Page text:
A Tutorial For Newbies In Freelance Business: Looking For Freelance Writing Jobs

Are you wondering where to look for your first freelance writing job? Are you confused about what to begin with? These tips will help you on the way to getting your first gig.

  • Build an excellent resume and cover letter.
  • Your resume should demonstrate why you are the best freelancer for this task. If you lack any actual job experience, use humor and creativity to describe your skills, e. g. “I am detail-oriented enough to explain the difference between a robot and a cyborg.”

  • Think of any texts you can use as samples of your writing.
  • If you have never done any writing for money, you might still have a couple of posts on your blog you are proud of. Attach them to your CV as writing samples. What most clients are looking for is your ability to write well, so show them that you can! Good writing samples are even more likely to win you well-paying gigs than a strong resume.

  • Browse job boards.
  • Every major job board has a section with freelance writing gigs. You can easily discover them by keywords such as “blogger” or “copywriter.” Large and popular boards are a great place to find many jobs at once.

  • Register on reputable freelance websites.
  • Browse the Internet for freelance websites. The ones found on the first page of your search results are generally reliable ones. Before registering on a website, check whether it has escrow accounts (this is a great plus). Remember that it is not a website’s responsibility to provide you with a constant job flow; you need to check it regularly for new orders, and bid for those that interest you.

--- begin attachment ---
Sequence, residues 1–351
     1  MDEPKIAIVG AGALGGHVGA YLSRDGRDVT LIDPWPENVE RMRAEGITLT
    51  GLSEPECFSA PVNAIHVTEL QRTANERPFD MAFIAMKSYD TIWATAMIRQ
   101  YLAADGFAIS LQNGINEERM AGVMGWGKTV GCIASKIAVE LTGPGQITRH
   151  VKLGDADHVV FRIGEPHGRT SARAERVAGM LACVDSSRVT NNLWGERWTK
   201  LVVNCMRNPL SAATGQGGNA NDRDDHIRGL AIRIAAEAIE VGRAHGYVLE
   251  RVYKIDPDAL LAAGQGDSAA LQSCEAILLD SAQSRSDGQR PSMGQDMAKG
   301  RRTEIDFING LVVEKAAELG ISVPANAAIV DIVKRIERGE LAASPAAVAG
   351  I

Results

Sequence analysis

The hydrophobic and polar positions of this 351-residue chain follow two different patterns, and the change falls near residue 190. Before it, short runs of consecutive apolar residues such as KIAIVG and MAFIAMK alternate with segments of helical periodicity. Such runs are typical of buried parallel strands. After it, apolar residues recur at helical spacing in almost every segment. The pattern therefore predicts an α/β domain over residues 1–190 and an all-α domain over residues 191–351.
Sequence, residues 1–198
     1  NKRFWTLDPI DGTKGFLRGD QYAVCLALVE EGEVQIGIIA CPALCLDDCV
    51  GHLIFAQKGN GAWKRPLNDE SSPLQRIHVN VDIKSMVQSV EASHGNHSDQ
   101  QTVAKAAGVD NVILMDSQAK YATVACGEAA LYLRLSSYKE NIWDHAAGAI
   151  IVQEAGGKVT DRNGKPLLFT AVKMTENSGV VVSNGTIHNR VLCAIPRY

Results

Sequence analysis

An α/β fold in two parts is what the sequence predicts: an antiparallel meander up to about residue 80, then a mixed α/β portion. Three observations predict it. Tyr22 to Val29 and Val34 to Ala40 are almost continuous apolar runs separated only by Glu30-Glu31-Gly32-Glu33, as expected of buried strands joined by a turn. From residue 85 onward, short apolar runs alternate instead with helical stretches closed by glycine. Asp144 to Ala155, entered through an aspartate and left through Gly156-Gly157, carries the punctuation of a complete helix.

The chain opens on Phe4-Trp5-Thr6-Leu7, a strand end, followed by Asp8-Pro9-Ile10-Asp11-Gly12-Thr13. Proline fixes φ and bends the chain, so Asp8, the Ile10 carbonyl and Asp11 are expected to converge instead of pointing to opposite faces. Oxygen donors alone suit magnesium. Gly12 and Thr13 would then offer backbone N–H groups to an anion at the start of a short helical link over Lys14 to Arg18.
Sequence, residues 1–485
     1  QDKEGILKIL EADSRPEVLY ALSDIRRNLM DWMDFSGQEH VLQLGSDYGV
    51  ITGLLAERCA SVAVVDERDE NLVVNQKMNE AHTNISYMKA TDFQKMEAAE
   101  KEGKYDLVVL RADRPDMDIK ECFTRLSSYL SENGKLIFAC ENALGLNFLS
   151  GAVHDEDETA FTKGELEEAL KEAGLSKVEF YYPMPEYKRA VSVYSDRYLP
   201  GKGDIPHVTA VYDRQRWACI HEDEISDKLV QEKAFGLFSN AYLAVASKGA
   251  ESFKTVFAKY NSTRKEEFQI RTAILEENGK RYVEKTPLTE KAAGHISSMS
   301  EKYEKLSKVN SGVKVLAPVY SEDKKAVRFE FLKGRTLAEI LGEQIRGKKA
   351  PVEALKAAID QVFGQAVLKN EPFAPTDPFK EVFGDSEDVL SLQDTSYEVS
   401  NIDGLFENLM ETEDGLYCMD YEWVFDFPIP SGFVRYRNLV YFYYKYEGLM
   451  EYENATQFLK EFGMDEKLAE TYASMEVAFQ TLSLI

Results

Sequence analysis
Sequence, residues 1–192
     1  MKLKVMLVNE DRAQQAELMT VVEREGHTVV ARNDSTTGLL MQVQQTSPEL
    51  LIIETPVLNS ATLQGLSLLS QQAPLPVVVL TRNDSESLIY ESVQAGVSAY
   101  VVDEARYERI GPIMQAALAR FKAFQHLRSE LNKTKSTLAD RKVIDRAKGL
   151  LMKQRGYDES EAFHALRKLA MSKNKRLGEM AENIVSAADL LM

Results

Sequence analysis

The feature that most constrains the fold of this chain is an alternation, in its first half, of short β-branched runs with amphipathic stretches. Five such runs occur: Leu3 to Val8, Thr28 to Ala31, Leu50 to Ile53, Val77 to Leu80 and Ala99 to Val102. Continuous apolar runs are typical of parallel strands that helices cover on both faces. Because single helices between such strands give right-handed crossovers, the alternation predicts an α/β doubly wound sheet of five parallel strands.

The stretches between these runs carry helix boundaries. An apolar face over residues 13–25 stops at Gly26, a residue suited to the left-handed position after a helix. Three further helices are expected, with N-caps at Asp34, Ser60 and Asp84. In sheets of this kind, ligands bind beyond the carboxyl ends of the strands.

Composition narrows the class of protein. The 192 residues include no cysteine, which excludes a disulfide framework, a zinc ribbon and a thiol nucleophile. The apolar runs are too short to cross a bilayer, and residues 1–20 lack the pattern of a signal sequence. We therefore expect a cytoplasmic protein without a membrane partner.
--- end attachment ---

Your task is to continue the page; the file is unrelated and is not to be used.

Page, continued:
• Query the media in your local area.
  • Local newspapers and magazines are often short of interesting stories. Buy (or borrow from your local library) several recent issues to find out what topics they typically cover. Determine whether you would be interested in writing something like that, and whether you can do it well. If the answer to both is yes, invent a story you can offer and pitch the relevant editor with it. Do not send a ready story or any samples unless required – just a cover letter and a pitch.

  • Watch out for scammers.
  • Do not pay for starting on a project – honest employers would never ask for that. Think twice before agreeing to do part of the work for free. You might get hired after it, but you might as well just waste your time.